Effect of a Comprehensive Cardiovascular Risk Reduction Intervention in Persons With Serious Mental Illness: A Randomized Clinical Trial

ARTICLE: Effect of a Comprehensive Cardiovascular Risk Reduction Intervention in Persons With Serious Mental Illness: A Randomized Clinical Trial

AUTHORS: Gail L DaumitArlene T Dalcin, Faith B Dickerson, Edgar R Miller, A Eden Evins, Corinne Cather, Gerald J Jerome, Deborah R Young, Jeanne B CharlestonJoseph V Gennusa IIIStacy GoldshollCourtney CookAnn Heller, Emma E McGinty, Rosa M Crum, Lawrence J AppelNae-Yuh Wang

JOURNAL: JAMA Netw Open. 2020 Jun 1;3(6):e207247. doi: 10.1001/jamanetworkopen.2020.7247.


Importance: Persons with serious mental illness have a cardiovascular disease mortality rate more than twice that of the overall population. Meaningful cardiovascular risk reduction requires targeted efforts in this population, who often have psychiatric symptoms and cognitive impairment.

Objective: To determine the effectiveness of an 18-month multifaceted intervention incorporating behavioral counseling, care coordination, and care management for overall cardiovascular risk reduction in adults with serious mental illness.

Design, setting, and participants: This randomized clinical trial was conducted from December 2013 to November 2018 at 4 community mental health outpatient programs in Maryland. The study recruited adults with at least 1 cardiovascular disease risk factor (hypertension, diabetes, dyslipidemia, current tobacco smoking, and/or overweight or obesity) attending the mental health programs. Of 398 participants screened, 269 were randomized to intervention (132 participants) or control (137 participants). Data collection staff were blinded to group assignment. Data were analyzed on the principle of intention to treat, and data analysis was performed from November 2018 to March 2019.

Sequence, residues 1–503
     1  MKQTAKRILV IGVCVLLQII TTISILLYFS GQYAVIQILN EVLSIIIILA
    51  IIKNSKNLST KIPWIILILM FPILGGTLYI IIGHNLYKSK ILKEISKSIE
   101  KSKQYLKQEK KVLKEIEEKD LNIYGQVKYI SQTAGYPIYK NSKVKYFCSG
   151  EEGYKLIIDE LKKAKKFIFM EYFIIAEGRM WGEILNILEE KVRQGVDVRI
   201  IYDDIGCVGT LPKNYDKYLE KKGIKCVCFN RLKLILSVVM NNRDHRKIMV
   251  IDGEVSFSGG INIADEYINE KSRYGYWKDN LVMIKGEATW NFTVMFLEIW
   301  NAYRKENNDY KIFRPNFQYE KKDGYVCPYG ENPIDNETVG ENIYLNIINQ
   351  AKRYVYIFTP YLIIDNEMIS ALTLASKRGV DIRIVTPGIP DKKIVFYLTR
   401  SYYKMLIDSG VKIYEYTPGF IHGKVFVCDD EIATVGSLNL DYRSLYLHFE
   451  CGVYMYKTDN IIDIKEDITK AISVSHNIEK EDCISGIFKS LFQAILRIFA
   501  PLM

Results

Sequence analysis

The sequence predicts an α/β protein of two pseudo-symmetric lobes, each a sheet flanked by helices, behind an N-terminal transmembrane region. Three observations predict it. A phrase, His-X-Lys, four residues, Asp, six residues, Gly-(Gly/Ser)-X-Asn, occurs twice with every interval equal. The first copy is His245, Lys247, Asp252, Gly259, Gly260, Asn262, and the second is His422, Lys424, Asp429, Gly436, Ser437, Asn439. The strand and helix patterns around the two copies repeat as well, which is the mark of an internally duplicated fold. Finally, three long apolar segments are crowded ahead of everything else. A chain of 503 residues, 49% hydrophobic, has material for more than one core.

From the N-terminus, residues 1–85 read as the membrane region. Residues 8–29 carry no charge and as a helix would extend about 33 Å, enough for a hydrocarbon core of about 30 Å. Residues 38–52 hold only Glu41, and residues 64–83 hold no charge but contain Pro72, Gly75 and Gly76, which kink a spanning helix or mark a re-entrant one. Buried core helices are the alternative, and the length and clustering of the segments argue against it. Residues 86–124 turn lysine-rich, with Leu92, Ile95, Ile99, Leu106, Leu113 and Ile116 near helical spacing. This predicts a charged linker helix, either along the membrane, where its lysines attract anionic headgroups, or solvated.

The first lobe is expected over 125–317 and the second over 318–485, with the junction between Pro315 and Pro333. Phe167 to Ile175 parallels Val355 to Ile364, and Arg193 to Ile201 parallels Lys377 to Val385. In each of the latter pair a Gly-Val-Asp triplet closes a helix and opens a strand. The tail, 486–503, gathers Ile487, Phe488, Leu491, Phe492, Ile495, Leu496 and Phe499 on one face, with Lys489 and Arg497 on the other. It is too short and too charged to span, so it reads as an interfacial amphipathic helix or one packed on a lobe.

Interventions: A health coach and nurse provided individually tailored cardiovascular disease risk reduction behavioral counseling, collaborated with physicians to implement appropriate risk factor management, and coordinated with mental health staff to encourage attainment of health goals. Programs offered physical activity classes and received consultation on serving healthier meals; intervention and control participants were exposed to these environmental changes.

Main outcomes and measures: The primary outcome was the change in the risk of cardiovascular disease from the global Framingham Risk Score (FRS), which estimates the 10-year probability of a cardiovascular disease event, from baseline to 18 months, expressed as percentage change for intervention compared with control.

Results: Of 269 participants randomized (mean [SD] age, 48.8 [11.9] years; 128 men [47.6%]), 159 (59.1%) had a diagnosis of schizophrenia or schizoaffective disorder, 67 (24.9%) had bipolar disorder, and 38 (14.1%) had major depressive disorder. At 18 months, the primary outcome, FRS, was obtained for 256 participants (95.2%). The mean (SD) baseline FRS was 11.5% (11.5%) (median, 8.6%; interquartile range, 3.9%-16.0%) in the intervention group and 12.7% (12.7%) (median, 9.1%; interquartile range, 4.0%-16.7%) in the control group. At 18 months, the mean (SD) FRS was 9.9% (10.2%) (median, 7.7%; interquartile range, 3.1%-12.0%) in the intervention group and 12.3% (12.0%) (median, 9.7%; interquartile range, 4.0%-15.9%) in the control group. Compared with the control group, the intervention group experienced a 12.7% (95% CI, 2.5%-22.9%; P = .02) relative reduction in FRS at 18 months.

Conclusions and relevance: An 18-month behavioral counseling, care coordination, and care management intervention statistically significantly reduced overall cardiovascular disease risk in adults with serious mental illness. This intervention provides the means to substantially reduce health disparities in this high-risk population.

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